Stay-at-home mums bear the brunt of Legal Aid reforms

According to new figures, the number of stay-at-home mums who are facing court battles over custody access has leapt by two thirds since legal aid reforms put in place by the coalition came into effect.

Figures released by the Ministry of Justice show that since a decision was made to remove access to legal aid in the majority of family law cases, mothers who work part-time or who stay at home have been hardest hit.

It has been just nine months since changes to Legal Aid came into effect and since then the number of women who are representing themselves in court in child custody and contact cases in England and Wales has risen by more than 10,000. According to data obtained by under the Freedom of Information Act, 27,017 ‘unrepresented’ women were involved in applications involving their children from April to December 2013; an increase of 16,458 in comparison to same period in 2012.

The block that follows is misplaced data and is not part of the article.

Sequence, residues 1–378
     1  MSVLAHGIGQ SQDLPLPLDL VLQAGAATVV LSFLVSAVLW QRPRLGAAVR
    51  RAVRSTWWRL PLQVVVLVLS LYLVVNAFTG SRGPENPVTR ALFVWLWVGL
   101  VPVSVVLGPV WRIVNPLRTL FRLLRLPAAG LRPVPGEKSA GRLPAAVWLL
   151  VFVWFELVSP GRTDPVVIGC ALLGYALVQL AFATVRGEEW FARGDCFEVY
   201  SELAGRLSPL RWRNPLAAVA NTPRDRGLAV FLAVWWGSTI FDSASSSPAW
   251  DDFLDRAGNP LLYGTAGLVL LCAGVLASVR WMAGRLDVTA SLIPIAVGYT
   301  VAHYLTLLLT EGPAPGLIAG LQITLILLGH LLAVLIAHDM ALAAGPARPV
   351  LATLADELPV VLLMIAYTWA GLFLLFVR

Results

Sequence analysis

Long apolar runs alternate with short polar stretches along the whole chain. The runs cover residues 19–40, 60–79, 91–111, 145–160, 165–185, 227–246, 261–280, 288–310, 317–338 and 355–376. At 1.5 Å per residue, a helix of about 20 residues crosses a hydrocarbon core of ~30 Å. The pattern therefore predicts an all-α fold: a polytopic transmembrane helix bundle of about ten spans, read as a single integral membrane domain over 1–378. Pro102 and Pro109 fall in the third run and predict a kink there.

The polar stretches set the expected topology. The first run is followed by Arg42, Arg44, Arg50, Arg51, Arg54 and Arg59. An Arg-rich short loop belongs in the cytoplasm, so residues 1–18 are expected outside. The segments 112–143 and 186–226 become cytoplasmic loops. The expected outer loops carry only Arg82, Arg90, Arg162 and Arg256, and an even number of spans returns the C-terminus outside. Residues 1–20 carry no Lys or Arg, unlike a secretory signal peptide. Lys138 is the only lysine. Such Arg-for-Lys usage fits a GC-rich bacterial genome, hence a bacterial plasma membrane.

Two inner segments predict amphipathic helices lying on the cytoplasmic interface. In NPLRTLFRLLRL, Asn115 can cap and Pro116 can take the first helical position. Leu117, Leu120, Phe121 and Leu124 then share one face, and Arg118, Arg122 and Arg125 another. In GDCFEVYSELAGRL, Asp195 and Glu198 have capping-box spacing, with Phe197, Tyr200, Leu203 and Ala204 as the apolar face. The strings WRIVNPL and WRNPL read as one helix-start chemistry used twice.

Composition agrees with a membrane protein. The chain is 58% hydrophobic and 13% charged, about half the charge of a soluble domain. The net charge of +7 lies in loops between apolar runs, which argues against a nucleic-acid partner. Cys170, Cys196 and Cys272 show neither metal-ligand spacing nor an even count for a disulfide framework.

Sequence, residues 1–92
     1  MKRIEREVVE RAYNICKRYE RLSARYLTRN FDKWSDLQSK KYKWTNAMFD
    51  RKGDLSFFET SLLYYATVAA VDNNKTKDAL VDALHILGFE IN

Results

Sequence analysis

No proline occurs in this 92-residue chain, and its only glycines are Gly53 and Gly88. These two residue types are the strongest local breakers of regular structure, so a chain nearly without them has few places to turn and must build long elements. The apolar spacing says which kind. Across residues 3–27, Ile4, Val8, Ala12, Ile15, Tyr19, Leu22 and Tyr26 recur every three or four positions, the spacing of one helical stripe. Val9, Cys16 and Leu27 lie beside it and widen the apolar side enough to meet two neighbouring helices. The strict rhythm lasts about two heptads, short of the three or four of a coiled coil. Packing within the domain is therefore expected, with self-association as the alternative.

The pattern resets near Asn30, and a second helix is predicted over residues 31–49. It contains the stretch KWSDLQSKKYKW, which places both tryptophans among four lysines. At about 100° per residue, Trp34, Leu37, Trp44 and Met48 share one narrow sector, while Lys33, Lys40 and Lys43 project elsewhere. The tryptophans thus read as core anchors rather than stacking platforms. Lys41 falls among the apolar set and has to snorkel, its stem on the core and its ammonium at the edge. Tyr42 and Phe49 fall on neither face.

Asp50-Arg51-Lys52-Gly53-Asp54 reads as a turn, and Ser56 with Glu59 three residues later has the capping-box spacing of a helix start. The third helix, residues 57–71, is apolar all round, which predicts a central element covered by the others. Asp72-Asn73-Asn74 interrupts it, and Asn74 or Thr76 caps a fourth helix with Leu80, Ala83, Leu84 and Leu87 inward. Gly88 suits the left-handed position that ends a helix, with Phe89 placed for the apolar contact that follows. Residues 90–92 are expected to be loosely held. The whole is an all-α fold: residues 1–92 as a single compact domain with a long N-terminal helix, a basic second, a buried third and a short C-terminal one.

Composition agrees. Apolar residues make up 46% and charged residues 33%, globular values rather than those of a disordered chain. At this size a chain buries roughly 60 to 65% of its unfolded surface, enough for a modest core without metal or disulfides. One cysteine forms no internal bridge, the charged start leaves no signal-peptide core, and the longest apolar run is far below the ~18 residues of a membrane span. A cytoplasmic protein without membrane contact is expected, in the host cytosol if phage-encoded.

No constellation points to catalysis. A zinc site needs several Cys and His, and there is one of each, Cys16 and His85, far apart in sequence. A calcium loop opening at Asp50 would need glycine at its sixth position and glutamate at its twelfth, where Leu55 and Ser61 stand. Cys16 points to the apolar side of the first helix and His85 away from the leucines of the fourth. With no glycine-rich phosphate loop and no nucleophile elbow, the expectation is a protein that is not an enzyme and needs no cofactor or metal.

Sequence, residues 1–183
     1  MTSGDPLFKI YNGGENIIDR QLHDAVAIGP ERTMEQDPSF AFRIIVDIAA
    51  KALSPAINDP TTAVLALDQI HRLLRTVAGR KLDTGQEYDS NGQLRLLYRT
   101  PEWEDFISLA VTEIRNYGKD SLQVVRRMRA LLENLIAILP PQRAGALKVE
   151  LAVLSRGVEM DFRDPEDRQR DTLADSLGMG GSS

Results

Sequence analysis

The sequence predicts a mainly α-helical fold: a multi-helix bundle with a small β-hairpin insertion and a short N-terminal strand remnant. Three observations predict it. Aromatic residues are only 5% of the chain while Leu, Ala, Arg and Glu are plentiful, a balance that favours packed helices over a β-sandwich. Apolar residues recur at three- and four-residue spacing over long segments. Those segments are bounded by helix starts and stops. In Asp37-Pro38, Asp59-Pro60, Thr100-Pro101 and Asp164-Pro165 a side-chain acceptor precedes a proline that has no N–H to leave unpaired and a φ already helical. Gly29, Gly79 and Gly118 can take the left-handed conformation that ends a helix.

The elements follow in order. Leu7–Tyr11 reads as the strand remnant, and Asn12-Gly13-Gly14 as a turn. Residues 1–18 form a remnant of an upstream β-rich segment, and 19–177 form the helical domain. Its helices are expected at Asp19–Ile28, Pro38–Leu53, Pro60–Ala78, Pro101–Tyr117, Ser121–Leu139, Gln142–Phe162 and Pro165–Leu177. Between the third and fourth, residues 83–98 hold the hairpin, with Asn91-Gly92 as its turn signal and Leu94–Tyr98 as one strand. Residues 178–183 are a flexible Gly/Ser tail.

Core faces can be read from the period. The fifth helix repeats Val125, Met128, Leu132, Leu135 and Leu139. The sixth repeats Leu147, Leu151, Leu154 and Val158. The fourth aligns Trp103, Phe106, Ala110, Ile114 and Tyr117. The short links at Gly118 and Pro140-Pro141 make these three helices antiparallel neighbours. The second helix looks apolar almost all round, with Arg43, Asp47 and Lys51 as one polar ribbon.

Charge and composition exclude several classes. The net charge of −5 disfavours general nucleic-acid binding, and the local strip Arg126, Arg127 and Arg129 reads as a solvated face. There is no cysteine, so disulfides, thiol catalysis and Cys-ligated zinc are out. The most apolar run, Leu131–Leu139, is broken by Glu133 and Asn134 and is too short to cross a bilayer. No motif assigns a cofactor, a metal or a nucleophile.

This rapid rise means that for the first time the number of mothers who are facing contact or custody battles ‘unrepresented’ has overtaken fathers. During the same period, the number of fathers who represented themselves had risen from 17,291 to 22,949. In the past, more women than men tended to qualify for Legal Aid than men because of their lower incomes.

Commenting in an article for The Telegraph, The founder of, Marc Lopatin, said: “The huge rise in the number of women representing themselves implies a great many cannot afford a divorce lawyer to represent them.

Some will be full-time mums without a wage at all, while others will be working part-time earning a modest income.”

One of Slater and Gordon’s principal lawyers, Sarah Thompson, also commented, saying: “Getting caught up in the court process can be incredibly hard on both parents.

Often people find that decisions go against them because they’ve not been able to refer the judge to the relevant legal points of their case.

They can end up getting emotional and not representing their cause in the best possible way.”

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